Genre: Young Adult Fiction, Contemporary, Romance, Suicide
Publication: January 27, 2015, by HarperTeen
A teenage boy tries to understand his best friend's suicide by listening to the playlist of songs he left behind in this smart, voice-driven debut novel.
Here's what Sam knows: There was a party. There was a fight. The next morning, his best friend, Hayden, was dead. And all he left Sam was a playlist of songs, and a suicide note: For Sam—listen and you'll understand.
As he listens to song after song, Sam tries to face up to what happened the night Hayden killed himself. But it's only by taking out his earbuds and opening his eyes to the people around him that he will finally be able to piece together his best friend’s story. And maybe have a chance to change his own.
Part mystery, part love story, and part coming-of-age tale in the vein of Stephen Chbosky’s The Perks of Being a Wallflower and Tim Tharp’s The Spectacular Now, Playlist for the Dead is an honest and gut-wrenching first novel about loss, rage, what it feels like to outgrow a friendship that's always defined you—and the struggle to redefine yourself. But above all, it's about finding hope when hope seems like the hardest thing to find.
I read Thirteen Reasons Why by Jay Asher two years ago—and it still remains as one of my most favourite books ever. Playlist for the Dead was definitely a reminder of it, but it was more unique and involved so much friendship and subjects that I adore to read about.
“If she kept kissing me like that, I imagined, maybe the other stuff wouldn't matter so much. But I felt guilty even thinking it.”
It all began with a deep sleeper, a bottle of alcohol, and an empty bottle of pills. In every contemporary book like this, it all happens differently. Hayden did it fast and in a furious matter. He was stressed, depressed, and didn't have any friends except for Sam. Sam feels the same way—except it didn’t happen to him. Sam’s the one who found Hayden, his best friend—dead. What he found on a desk was a note addressed to him with a playlist supposedly explaining his death and reasons why.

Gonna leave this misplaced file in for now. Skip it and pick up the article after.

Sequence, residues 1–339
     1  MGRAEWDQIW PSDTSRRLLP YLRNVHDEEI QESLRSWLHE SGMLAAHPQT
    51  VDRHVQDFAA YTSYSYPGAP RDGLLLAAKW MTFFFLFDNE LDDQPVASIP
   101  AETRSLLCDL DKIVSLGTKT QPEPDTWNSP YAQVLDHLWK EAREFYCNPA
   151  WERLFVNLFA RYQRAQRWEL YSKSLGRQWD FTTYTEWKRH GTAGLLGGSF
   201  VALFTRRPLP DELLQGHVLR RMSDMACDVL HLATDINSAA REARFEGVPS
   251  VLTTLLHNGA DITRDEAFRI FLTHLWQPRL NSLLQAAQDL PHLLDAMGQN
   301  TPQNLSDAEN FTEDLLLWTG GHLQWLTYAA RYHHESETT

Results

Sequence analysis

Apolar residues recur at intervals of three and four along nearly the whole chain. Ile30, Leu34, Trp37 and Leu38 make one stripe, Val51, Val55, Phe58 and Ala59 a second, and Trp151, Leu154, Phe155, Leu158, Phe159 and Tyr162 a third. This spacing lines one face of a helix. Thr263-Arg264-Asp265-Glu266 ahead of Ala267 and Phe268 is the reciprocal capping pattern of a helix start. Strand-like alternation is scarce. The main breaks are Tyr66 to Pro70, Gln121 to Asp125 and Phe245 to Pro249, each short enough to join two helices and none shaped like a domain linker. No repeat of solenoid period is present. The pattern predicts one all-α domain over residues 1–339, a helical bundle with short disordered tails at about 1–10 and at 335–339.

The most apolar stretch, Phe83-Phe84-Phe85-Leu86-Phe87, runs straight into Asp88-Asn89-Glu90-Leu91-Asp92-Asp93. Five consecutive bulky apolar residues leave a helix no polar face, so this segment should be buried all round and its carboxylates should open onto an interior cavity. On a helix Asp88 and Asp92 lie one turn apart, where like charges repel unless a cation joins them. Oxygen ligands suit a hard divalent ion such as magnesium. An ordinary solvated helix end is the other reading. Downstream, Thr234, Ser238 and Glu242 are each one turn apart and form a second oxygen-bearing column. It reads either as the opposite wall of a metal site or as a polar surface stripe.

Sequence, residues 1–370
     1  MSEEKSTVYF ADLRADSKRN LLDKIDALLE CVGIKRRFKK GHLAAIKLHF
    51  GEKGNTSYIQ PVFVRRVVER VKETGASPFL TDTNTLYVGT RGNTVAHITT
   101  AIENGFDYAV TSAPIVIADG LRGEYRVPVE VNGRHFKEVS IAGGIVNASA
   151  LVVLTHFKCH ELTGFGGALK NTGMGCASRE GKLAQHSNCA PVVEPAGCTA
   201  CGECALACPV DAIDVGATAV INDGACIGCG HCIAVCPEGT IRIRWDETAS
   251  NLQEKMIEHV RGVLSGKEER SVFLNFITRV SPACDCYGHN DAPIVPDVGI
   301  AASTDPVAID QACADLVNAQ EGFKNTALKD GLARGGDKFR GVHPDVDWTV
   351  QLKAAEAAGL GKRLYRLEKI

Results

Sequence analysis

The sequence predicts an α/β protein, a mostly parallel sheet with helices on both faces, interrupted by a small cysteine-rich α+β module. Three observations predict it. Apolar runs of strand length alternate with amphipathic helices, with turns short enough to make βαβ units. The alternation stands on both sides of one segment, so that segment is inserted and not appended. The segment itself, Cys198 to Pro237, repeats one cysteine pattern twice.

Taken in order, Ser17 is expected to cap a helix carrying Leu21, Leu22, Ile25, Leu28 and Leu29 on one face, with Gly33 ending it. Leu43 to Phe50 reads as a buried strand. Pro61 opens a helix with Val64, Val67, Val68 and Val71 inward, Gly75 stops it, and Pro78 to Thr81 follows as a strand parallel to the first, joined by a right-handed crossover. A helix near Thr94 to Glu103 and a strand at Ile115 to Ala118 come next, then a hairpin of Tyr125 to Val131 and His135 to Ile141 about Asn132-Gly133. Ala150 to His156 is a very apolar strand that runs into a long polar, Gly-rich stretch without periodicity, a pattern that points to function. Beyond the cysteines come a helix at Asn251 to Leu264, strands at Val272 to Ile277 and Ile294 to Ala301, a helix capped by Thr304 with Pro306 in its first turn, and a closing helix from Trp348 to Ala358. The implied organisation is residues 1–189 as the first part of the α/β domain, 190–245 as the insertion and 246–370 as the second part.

This was honestly such a simple contemporary story that was filled and turned into something so powerful and meaningful. We went through so many different issues throughout: friendship, stress, anxiety—the issues of teenagers today. I found that it was probably so easy to relate to for many people, as I was fascinated by it all. Suicide is something that happens more frequently today, and we should become more aware of it and the facts that go with it. This was something that went through the dark sides of it, and showed the reason why between the relatable characters created by Falkoff.
"There was no reason for the bottle to be there. Unless he'd been even more bent out of shape than I realized; he could easily have taken it out of his dad's liquor cabinet when he got home."
From all that I read so far this whole year, this was probably the most quickest book to read. Although there are so many feelings meant to have felt, the time that I took reading was only about an hour and a half of sadness and sorrow in the point of view of Sam. The plot went by in a fast-paced manner and I couldn't stop reading. It was like a virtual playlist was forming in my head with all of the things I loved about the book.
What I had a little trouble with was the fact that I lost some sense of emotion through the middle of the book. I felt a little disconnected from the story and its characters. But after the thing with Astrid happened, I finally got it. She changed the story, with a predictable but okay ending.
My favourite thing was probably the characters—especially Sam. I AM TOTALLY SUPPORTING MALE PROTAGONISTS. This dude was totally kick-ass and into it all, especially to figure out what's happening in his life and to figure out his friendship between him and Hayden.
"Apparently it was only in the movies that you could just go in and figure out someone's password. Especially if you're a regular person like me and not some computer genius. I guessed Hayden would still be able to keep his secrets from me. Just like before."
The ending came and went. It seemed like Sam moved on and tried to forget, but I can definitely say that he wanted to keep Hayden in his heart. Astrid basically ruined it all and got things worse, but he still kept positive and tried to move on and try to stay away from the negativity. I was really scared that something would happen to him with depression.
This was a real refreshment for this genre—as I have been definitely finding a weakling in the rest of the contemporary-depression books. I loved Sam and his story, and the feelings that this gave me, despite the boring moments in between. If you're looking for a book that will rock you and your mind and will leave you sitting there, asking for your own personal playlist.
*A review copy was provided by the publisher in exchange for an honest review. Thank you so much!*